maintenance, but that'd be a couple years down the road."
Then one can follow through with:
"It's ideal for people who want to express their individuality
through their home. Some poeple are a little fearful of buying something
this unique, but it's almost like living in a work of art - it *is* unique,
it *is* individual, it *does* stand out from the average common home - it
tell others that interesting people live here."
"And the bonus is that it's environmentally friendly!"
And so on.
Of course not every place appeals to every buyer - as I always say, One
size *doesn't* fit all. But so what? That doesn't mean you ignore it, or
tell buyers "well this is kind of weird and ugly but I guess we can at
least drive by, see what you think of that thing." When someone says that
(and I did have a realtor say something like that to me once, a couple
years ago), it's too late to find out what most people think - they already
have a negative preconception and they're primed to say "Eeeew, yuck!" when
they see the place. Selling is, in large part, about giving potential
buyers a *positive* precenception. THat's why it's good to wear a suit and
clean presseed shirt, etc., to job interviews - you're trying to sell
yourself to the potential employer and you want to make a good, positive
first impression, in the hope fo planting a positive preconception in the
It's *of course* true that it all has to be backed by facts, but facts in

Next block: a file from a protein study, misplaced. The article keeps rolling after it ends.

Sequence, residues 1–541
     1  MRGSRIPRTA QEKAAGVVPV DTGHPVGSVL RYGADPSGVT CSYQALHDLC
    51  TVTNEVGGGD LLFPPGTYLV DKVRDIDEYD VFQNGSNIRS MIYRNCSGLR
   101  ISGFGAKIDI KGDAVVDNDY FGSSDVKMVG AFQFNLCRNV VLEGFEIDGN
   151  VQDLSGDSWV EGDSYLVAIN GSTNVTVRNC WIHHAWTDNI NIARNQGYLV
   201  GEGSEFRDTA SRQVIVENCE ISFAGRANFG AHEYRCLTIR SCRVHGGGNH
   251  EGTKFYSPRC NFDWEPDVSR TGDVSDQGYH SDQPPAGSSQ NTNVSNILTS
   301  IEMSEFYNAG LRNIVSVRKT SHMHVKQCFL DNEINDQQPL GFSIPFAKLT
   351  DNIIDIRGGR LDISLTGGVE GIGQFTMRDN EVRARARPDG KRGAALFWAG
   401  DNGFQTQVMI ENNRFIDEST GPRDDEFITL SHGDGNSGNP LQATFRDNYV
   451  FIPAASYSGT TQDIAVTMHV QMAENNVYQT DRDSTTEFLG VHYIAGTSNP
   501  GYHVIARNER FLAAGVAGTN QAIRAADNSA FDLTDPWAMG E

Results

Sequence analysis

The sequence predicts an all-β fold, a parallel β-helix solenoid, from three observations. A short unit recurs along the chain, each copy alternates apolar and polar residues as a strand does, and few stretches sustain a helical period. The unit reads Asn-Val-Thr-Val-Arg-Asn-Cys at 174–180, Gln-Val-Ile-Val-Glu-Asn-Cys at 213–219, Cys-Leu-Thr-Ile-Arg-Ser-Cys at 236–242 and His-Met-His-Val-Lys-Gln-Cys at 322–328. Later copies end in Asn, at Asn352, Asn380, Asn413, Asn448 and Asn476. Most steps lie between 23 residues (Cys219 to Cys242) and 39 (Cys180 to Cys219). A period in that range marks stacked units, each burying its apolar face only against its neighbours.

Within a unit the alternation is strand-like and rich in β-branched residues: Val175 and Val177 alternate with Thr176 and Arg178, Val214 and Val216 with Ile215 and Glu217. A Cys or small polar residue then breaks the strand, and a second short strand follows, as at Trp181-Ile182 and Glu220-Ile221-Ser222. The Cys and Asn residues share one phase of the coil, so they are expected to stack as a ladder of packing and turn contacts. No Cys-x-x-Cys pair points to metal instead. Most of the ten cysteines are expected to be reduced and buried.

and of themselves are not sufficient.
So true. Many people after visiting here (US Virgin Islands) decide
to move and have to live on the water (beach/shore). What they don't
realize is that the interior and furnishings are never going to feel
dry, or stay dry. With the nearly constant trade winds you have a good
deal of humidity and salt spray from the water.
They'll have to keep the doors and windows closed, and run air
conditioning to feel comfortable (as in not feeling like they are going
to mold if they stand still too long). Then there is the corrosion
factor and it gets worse as you get close to the water.
HomeOwnersHub.com is a website for homeowners and building and maintenance pros. It is not affiliated with any of the manufacturers or service providers discussed here.
All logos and trade names are the property of their respective owners.